So I suppose the question is – when you watch a film, mini-series or TV series based in a specific era, about real people, do you want more accuracy or more story telling?  Would inaccuracies done to make things easier to understand to a chosen demographic make you less willing to watch (for example, the costuming decisions in CW’s Reign)?

What’s your opinion?

The Articles of Confederation: Introduction

Introduction:

The Constitution of the United States was not the first attempt to organize our government once the United States declared Independance.  The original “constitution” was called the Articles of The Confederation and Perpetual Union or Articles of Confederation for short.  For simplicity I will refer to it as The Articles in this essay series.

I’ve been doing this series a little backwards, starting with the Constitution’s amendments, then the Constitution itself and now the forerunner document, but if you are reading this after the fact, you may be starting here.  So it all depends on if you are going in tag order, chronological order or in the order the documents were written.  Welcome to my journey of amatuer history commentary.

But lets get back on topic. When the young nation first declared independence, it was quickly seen that something needed to be done about forming a new government to replace the one they had rejected. The influences on this document started long before independance.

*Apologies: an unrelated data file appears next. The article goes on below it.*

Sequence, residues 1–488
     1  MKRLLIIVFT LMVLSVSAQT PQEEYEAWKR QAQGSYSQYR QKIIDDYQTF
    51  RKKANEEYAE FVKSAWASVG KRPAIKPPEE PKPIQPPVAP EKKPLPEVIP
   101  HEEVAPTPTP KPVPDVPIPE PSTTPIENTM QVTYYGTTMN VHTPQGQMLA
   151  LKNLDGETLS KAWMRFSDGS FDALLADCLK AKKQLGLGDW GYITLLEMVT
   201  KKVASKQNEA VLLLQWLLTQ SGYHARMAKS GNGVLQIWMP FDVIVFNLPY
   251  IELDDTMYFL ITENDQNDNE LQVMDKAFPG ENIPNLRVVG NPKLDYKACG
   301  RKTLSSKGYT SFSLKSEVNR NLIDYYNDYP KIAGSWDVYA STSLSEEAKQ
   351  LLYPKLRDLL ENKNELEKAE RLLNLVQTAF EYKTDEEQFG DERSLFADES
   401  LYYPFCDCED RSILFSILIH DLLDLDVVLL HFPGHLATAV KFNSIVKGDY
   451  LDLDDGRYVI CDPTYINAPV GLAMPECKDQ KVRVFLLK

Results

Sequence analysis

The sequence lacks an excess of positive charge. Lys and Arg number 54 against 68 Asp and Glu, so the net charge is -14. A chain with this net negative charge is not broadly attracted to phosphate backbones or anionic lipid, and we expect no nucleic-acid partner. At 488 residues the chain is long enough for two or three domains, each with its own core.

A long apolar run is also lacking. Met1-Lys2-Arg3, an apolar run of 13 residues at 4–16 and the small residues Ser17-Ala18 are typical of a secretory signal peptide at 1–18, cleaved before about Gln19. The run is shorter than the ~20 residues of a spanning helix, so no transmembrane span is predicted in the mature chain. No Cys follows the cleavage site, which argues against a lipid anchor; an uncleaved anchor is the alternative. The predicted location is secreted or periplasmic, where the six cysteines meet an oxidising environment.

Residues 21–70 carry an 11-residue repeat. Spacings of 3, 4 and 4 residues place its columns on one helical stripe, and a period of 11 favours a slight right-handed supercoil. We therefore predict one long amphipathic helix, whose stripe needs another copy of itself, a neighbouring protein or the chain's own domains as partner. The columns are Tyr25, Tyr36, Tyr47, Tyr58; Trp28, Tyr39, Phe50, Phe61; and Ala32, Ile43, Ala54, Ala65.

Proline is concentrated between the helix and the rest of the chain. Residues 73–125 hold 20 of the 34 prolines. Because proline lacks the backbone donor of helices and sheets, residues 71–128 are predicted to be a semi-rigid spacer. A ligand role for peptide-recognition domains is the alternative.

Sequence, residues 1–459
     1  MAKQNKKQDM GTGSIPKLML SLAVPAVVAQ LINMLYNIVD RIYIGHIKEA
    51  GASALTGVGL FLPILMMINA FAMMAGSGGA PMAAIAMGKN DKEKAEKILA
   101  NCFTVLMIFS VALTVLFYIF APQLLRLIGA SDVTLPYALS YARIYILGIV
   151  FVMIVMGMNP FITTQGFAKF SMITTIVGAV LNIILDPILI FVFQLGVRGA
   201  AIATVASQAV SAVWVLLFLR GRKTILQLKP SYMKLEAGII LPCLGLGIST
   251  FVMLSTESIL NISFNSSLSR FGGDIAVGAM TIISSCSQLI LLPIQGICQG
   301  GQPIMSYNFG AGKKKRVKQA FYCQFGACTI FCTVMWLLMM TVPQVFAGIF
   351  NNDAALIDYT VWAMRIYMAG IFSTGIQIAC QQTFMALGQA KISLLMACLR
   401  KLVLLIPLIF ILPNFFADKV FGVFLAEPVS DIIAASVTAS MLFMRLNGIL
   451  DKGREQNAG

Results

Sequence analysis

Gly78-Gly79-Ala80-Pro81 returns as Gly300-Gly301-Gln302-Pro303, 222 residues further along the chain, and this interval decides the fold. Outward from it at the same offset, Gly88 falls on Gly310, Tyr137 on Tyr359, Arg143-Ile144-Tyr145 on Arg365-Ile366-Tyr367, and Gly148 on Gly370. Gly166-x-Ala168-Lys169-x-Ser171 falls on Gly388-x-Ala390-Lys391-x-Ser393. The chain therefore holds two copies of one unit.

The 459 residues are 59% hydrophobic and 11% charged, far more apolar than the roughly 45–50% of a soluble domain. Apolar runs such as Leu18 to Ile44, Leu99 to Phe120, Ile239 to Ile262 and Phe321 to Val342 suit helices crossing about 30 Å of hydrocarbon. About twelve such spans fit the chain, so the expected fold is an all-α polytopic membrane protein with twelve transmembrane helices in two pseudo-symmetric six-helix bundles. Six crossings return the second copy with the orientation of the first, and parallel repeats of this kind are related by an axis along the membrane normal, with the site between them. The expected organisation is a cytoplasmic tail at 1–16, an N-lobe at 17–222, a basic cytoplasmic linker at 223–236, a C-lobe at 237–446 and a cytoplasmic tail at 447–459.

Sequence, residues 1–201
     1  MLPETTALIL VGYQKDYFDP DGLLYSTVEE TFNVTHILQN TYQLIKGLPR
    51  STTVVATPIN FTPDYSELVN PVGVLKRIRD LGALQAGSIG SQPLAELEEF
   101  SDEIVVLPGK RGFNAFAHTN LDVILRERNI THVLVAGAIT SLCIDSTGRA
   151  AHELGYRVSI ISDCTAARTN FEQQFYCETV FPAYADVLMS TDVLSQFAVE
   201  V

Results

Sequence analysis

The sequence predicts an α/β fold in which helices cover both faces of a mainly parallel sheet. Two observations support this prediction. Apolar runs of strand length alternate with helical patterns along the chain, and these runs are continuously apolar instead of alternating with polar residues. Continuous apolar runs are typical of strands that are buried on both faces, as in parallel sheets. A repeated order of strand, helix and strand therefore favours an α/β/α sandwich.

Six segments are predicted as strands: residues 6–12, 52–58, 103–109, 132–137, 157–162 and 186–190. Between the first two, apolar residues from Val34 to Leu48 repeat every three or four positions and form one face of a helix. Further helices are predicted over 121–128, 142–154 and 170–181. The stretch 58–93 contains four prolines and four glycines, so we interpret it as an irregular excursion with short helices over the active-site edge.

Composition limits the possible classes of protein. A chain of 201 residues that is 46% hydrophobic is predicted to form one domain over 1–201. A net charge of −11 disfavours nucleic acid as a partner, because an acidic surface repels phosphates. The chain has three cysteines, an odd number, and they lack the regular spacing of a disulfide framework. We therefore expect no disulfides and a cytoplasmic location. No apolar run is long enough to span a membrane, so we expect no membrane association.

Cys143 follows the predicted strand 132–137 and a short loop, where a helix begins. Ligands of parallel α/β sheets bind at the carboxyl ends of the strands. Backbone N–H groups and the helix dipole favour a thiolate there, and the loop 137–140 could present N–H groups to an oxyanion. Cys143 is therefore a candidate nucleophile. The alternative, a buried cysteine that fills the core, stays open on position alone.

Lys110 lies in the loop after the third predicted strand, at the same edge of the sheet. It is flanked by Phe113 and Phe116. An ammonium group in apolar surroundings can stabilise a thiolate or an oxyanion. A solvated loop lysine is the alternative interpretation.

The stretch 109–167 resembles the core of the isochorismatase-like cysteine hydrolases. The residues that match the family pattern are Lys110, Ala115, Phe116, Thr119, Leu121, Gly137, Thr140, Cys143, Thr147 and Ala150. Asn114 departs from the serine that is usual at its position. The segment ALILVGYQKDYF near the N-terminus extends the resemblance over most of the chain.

Continue reading

The Constitution: Article 7 & Conclusion

Article 7 is a bit of a misnomer, its more of a conclusion (hence the title of this post.  It merely states that a majority of 9 states out of the 13 then involved would be required to ratify it before it was made officially law.  9 is 2/3rds of the original 13 states, a standard that continues today with amendments needing to pass 2/3rds of the States.  That is currently 33 states, since we now have a total of 50.

Of course, given that it is the constitution, it was prefered that all states would ratify it (which they eventually did)  Otherwise some states may still have been under the governing of the Articles of Confederation, which would be very awkward when trying to make laws, or making governing decisions between states.  It also was a political move to make the states ratify it early to be able to be on the decision-making team when it came to alterations (Amendments) and putting together the details that the constitution left vague. Continue reading